Lord Cardigan hated the idea of being put underground, so his coffin was placed immediately under his effigy inside the tomb and not in a vault. He had always intended to have a monument erected during his lifetime in the Rectory grounds, and actually had some stone brought from his Stanion quarries for this purpose. One day Lord Westmorland called, and noticing the quantity of stone, asked what it was to be used for. Cardigan told him. "Nonsense", said Lord Westmorland, "give the stone to me instead. I want to make an entrance-hall at Apethorpe, and it will be the very thing!" My husband very good-naturedly gave him the Stanion stone, and the low entrance-hall at Apethorpe was built of it.
The late Queen Victoria greatly admired the design for the monument, and I was told on good authority that she even had her own figure modelled in her lifetime for her memorial tomb but that when search was made after her death the figure had disappeared and nobody knew what had become of it.

1841 Francis Grant Painter 1803-1878. Portrait of James Brudenell 7th Earl Cardigan 1797-1868.1845 Francis Grant Painter 1803-1878. Portrait of Queen Victoria of the United Kingdom 1819-1901.1833. George Hayter Painter 1792-1871. Portrait of Queen Victoria of the United Kingdom 1819-1901.Around 28 Jun 1838. George Hayter Painter 1792-1871. Coronation Portrait of Queen Victoria of the United Kingdom 1819-1901.10 Feb 1840. George Hayter Painter 1792-1871. Wedding of Queen Victoria and Prince Albert. Hayter included portraits of fifty-six of those present at the occasion and sittings took place over the next year. The Queen sat for him in March in her 'Bridal dress, veil, wreath & all', and Prince Albert also posed for his portrait several times during the following months. Hayter's family too helped out with his son, Henry, modelling the Prince's costume, while his daughter Mary posed for the Queen's arm and wearing the veil. Victoria's aunt Queen Adelaide, however, was unwilling to co-operate and the artist had to refer to a miniature for her likeness. Hayter included himself in the painting, on the lower right, with his sketchbook and pencil.Around 1840. Franz Xaver Winterhalter Painter 1805-1873. Portrait of Queen Victoria of the United Kingdom 1819-1901. Note the Garter worn on the Arm as worn by Ladies of the Garter.Around 1846. Franz Xaver Winterhalter Painter 1805-1873. Portrait of Queen Victoria of the United Kingdom 1819-1901 and Prince Albert Saxe Coburg Gotha 1819-1861 and their children.In 1840. Richard Rothwell Painter 1800-1868. Portrait of Queen Victoria of the United Kingdom 1819-1901.1880. Henry Tanworth Wells Painter 1828-1903. Portrait of Queen Victoria of the United Kingdom 1819-1901 being informed she was Queen by Francis Nathaniel Conyngham 2nd Marquess Conyngham 1797-1876 and William Howley Archbishop of Canterbury 1766-1848.Death of King William IV Succession of Queen Victoria

Deene lies like some rare jewel in a setting of peaceful lake and well-timbered parkland; its own peculiar charm would be gone for ever if it relied on blazinsr flower-beds and obtrusive gardening triumphs to make it attractive.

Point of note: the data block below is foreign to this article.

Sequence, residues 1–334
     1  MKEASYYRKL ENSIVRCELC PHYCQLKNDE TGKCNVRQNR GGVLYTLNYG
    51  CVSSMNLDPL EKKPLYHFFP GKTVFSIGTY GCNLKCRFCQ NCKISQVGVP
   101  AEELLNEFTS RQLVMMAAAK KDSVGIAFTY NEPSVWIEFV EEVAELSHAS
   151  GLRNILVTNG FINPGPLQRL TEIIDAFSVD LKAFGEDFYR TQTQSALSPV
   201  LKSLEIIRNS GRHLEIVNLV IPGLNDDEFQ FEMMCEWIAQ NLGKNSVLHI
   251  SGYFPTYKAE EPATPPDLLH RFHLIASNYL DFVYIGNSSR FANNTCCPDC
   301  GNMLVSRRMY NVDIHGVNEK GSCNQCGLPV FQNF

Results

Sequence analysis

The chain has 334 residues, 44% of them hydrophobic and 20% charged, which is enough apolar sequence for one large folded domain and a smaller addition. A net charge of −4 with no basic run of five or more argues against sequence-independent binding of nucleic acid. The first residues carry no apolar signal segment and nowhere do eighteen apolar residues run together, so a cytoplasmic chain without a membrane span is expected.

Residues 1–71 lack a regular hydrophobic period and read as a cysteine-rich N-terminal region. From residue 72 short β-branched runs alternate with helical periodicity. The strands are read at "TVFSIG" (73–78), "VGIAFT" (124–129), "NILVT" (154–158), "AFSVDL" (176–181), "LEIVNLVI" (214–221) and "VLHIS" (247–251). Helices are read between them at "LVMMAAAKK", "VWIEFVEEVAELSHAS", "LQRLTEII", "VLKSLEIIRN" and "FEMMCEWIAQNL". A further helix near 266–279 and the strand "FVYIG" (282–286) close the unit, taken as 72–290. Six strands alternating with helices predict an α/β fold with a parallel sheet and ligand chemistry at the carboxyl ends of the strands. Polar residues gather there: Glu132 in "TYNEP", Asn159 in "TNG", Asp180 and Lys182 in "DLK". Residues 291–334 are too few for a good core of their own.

Behind the bowling-green are the kitchen gardens, where the fruit ripens on the mellowed walls, and in spring and summer, masses of old- fashioned flowers make vivid splashes of fragrant colour everywhere. The stables and the riding-school, which I built, are close to the house, and I have a most interesting collection of ancient carriages, many of them over a hundred years old and unique specimens of the coach-builder's art.

Naturally Deene has a ghost. The story goes that when it was a Religious House, monks and nuns lived there together, an arrangement that was naturally rather dangerous to the morals of the community. A young nun is said to have loved and been loved in return by one of the monks; they both met with a tragic end, and her spirit appears at times in the Great Hall as a young and lovely woman dressed in the white robes of her Order. A curious discovery was made when the house was drained that perhaps is a silent record of dark doings in monkish days. Quantities of young children's bones were found under the floorings, and I often wonder whether the horrible practices of Gilles de Retz ever took place at Deene long ago, or if the tiny bones were those of unwanted and unwelcome babies at the Religious House !
My friend, Walter Seymour, wrote the following verses, which I set to music, about the phantom nun : ...

For fifty years I have been chatelaine at Deene. There is no place I love so much. I saw it first as a mere child and even then it seemed to welcome me. It was the home of my married life; and I am never lonely there. Memory opens wide her gates, and from them issue the beloved dead who loved Deene. Husband, relatives, and friends surround me again, and the dream is so real that I am always happy with my dear ones who people it. The peace of the old house envelops and soothes me, and I always hope that when the time comes for me to lie by my husband's side, my spirit will be sometimes allowed to revisit the place that has always been " sweet home " to me.